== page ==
It was announced that East End Brewery in Pittsburgh is to bottle Old Ale. Just want is old ale and why should you drink it? Well, if contemporary drinking habits are followed it should be well received in the local bars. Old ale is an English beer term denoting a strong ale that was set aside to mature and mellow. Strong English ale is purposely made to a higher gravity with the intention to be served after a short maturation time. Maturation is the ageing of beer under controlled conditions. This allows the beer to develop various characteristics and qualities that people find more desirable over ordinary strong ale. Some strong ale may exhibit a bite from imbalance of alcohol. Old ale has been allowed to mellow out, much like the young warrior transforms to a wise old man, albeit wobbly knees and back pain. One of the reasons the beer is allowed to change condition is so it can be blended with other pale or brown ales. When set aside for this reason the beer is referred to as a stock-ale. Incidentally, when different beers are combined by a brewer or bottler it is called blending. When done during serving it is mixing.
Old ale does not have to have a high OG, although what the Brits think is high as to what we have on tap these days can open some eyes. Many English Old ales have less alcohol than the BJCP guidelines list. These ales fit in between strong ales and barley wines but the evidence of a lot of alcohol need not be overwhelming. Theakston’s Old Peculier (4.5 abw/5.6 abv) has an exciting taste yet is so mellow that is almost seems like a dark mild. Yes, the 5.6% is a bit much by UK standards but I always have a pint at The Swan in Cosmo Place, London WC1.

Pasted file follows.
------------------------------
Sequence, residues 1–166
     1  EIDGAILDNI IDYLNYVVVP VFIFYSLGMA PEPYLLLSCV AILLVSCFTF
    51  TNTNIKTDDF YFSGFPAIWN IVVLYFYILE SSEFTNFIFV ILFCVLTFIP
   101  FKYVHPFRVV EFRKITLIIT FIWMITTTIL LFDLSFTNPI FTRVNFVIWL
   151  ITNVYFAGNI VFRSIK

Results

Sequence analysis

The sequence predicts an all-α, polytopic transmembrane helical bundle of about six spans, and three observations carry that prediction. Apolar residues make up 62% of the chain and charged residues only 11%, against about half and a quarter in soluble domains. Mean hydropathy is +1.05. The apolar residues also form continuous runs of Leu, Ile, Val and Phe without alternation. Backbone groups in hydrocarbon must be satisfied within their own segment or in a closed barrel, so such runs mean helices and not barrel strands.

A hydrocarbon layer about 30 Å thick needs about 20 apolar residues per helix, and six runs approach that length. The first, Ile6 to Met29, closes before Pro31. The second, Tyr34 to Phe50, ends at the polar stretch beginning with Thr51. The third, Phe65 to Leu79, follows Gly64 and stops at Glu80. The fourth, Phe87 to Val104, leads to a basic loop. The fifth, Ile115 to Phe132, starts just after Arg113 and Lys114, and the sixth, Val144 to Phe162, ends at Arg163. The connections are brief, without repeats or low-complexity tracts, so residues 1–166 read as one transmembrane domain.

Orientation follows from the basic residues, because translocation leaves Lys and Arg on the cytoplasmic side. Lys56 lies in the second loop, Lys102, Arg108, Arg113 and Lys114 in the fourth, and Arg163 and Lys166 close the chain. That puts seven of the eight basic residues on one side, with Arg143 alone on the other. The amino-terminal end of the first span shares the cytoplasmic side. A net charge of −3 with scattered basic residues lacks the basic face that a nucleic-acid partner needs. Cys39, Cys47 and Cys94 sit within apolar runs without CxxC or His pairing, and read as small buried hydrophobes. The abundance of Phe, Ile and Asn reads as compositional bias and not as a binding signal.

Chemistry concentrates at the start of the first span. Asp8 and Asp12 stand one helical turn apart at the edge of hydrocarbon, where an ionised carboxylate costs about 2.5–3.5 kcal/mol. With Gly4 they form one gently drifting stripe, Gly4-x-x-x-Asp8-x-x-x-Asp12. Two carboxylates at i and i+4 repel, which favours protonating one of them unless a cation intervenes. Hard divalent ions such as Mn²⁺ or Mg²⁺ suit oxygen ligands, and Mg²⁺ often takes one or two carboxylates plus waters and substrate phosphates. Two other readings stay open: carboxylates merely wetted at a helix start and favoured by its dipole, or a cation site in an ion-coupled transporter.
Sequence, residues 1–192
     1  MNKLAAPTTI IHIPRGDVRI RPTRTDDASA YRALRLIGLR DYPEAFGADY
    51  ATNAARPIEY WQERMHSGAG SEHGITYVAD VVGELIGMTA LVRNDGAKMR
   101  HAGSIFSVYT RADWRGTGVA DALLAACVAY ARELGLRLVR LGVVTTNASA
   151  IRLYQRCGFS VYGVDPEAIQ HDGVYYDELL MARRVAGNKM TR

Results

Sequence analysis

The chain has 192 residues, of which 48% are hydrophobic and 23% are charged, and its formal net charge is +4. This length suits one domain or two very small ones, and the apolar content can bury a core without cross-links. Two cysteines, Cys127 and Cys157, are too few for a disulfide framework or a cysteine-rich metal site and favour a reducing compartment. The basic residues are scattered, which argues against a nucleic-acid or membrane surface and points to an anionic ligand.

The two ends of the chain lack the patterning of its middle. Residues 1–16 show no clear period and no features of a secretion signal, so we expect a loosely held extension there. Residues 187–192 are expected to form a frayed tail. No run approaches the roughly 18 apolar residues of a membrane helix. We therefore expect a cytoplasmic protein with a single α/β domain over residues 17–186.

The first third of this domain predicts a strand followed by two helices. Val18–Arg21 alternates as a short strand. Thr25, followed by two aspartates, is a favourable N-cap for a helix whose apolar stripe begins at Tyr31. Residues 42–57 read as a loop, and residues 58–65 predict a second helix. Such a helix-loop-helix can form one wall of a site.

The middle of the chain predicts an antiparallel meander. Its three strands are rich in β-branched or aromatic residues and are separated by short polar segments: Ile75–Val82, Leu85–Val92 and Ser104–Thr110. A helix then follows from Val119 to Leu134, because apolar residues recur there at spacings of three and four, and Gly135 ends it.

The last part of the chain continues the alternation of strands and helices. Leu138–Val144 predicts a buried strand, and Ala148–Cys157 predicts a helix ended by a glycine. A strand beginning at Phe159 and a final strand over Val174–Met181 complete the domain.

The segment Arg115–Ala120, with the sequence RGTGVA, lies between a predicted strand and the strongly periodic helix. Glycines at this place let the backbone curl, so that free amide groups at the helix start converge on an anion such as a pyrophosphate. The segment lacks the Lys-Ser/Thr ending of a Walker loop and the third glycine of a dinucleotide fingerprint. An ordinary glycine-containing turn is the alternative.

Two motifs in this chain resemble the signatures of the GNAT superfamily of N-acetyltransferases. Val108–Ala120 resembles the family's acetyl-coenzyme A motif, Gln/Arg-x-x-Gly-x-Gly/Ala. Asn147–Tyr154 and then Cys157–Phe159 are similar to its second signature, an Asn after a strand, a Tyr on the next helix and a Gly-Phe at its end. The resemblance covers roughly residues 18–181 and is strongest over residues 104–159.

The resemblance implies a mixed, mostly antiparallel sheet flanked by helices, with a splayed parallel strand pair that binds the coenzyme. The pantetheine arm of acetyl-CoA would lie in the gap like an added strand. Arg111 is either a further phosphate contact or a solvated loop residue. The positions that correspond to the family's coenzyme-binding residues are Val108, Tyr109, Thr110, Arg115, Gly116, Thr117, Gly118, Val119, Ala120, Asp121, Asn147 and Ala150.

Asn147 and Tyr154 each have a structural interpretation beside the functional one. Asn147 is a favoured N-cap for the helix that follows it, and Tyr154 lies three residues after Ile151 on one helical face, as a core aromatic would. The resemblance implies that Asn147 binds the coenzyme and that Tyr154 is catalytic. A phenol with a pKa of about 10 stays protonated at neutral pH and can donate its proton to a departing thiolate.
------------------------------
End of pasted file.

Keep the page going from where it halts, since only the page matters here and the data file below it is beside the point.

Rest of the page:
When strong ale is matured for a longer vatting time, preferably in oak, it is said to have gone stale. This is not a bad word. It simply means that it has been allowed to “stand” for a while. The word stale is a very old English word meaning, stand as in a stable where a horse would stand to rest. Old Ale should have expressive notes of fruit, hops and malt and should be bittersweet. To be true to style is should mature in oak for more than a year. Sadly I don’t think many American brewers are doing this. Roger Protz called one of his favorites port wine with hops (Protz, Taste of Beer, 92). Overall, the beer will be mahogany to dark ruby. Fruit should be expressed on the palate as well as a dryish hop bitterness. North Coast Brewery reflects Protz’s assertion of the port wine comparison. See what the BJCP has to say about Old Ale. This is what CAMRA has to say about Old Ale.
Other than Old Peculier (correct spelling by the way) good examples are:
Bell’s Third Coast Old Ale US 10.2% abv 1.098OG
Full Sail Wassail US 7% abv
North Coast Old Stock Ale US 12.5% abv
Robinson’s Old Tom (labeled as Strong Ale) UK
Ringwood Old Thumper UK 5.6%abv
Young’s Old Nick UK 6.8% abv
Weyerbacher Black Hole US 7.0% abv